Since public recording of enforcment notices began in 2002, and up till the start of
this year, there has been some 137 notices served on the Duty Holders in the
20
Operating with dangerously high levels of Risk
North Sea, of which 43, or 30% were served on Shell, making that Company by far
the worst performer with regards to operating outwith the Law. The HSE would
have to confirm the relevance and accuracy of the 12,000 number but I assume
that this is for all UK industry sectors covered under the Health and Safety at
Work Act.
THE UNACCEPTABLE BEHAVIOUR CONTINUES
To lie and cover-up in Shell appears to have become
instituitionalised at all levels
Mr Ollila as you can see from the tables in Appendix One there has been a significant
increase in the issue of enforcement notices after the fatalities. Behaviours also
do not seem to have improved with a continuing negative safety culture. In
support of this statement find below two recent examples.
July 2006 on Brent Bravo
A report had been prepared by a contracted inspection agency which had condemned
the stairway in the utility shaft as unsafe for use due to severe corrosion. This
report was hidden somewhere in the files in Aberdeen whilst the workers
continued to use the stairs.
The matter was only highlighted when the report contents in part were leaked to the
OILC trade union. The HSE then intervened to raise an improvement notice stating yet
again that Shell had failed its legal obligations – Quote - You have failed to, so far as is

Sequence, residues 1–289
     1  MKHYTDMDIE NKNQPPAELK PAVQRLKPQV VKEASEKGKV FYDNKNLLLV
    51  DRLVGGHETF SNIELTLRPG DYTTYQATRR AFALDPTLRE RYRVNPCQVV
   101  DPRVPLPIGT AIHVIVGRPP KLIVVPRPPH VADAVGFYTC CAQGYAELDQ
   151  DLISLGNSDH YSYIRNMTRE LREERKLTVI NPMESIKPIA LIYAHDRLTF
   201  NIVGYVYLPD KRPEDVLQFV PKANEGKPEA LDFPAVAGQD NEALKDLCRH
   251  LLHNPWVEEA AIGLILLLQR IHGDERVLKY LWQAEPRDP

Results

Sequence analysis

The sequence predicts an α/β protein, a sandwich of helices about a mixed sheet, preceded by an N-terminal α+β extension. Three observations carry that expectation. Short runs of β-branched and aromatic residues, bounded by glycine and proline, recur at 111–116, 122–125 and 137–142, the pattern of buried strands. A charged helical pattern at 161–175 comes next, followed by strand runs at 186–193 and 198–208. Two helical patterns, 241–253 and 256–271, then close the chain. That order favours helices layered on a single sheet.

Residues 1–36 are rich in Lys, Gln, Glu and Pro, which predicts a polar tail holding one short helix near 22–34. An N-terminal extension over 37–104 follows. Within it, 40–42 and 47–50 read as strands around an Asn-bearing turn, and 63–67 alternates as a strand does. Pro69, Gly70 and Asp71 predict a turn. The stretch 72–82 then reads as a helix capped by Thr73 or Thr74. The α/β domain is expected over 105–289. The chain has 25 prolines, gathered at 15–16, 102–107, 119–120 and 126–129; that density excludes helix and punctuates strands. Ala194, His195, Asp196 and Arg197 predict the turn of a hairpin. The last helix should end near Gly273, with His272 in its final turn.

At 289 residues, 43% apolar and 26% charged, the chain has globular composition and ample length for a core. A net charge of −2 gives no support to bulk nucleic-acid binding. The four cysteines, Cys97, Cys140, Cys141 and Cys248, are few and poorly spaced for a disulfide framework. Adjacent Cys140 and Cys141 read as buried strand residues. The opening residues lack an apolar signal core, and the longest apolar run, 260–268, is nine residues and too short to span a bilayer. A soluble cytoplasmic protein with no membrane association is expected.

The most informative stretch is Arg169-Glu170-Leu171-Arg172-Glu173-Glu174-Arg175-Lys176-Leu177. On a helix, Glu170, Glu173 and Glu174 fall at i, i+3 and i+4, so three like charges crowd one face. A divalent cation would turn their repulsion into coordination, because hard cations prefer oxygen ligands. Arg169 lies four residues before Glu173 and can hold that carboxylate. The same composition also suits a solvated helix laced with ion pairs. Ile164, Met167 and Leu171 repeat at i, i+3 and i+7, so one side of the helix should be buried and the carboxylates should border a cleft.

reasonably practicable, maintain the Utility Shaft access / egress stairway, in a condition
which is that is safe and without risks to health both to persons in your employment and
not in your employment - Unquote.
If the report had not surfaced, would we now be awaiting another Fatal Accident
Inquiry?
March 2007 on Dunlin Alpha
There has since the fatalities been an increase in high potential incidents including a
number of gas leaks in the enclosed shafts of the installations. If such gas leaks were to
ignite the explosion could have potentially catastrophic consequences. Such a leak
occurred on Dunlin Alpha but was covered–up and went unreported. Duty Holders are
obliged by Law to notify the HSE of all oil and gas leaks. The HSE again found out and
were required to serve yet another enforcement Notice on Shell in that Quote - on
Dunlin Alpha on the 30th March 2007 you failed to notify the relevant enforcing
authority (HSE) that there had been a dangerous occurance (a gas leak) – Unquote.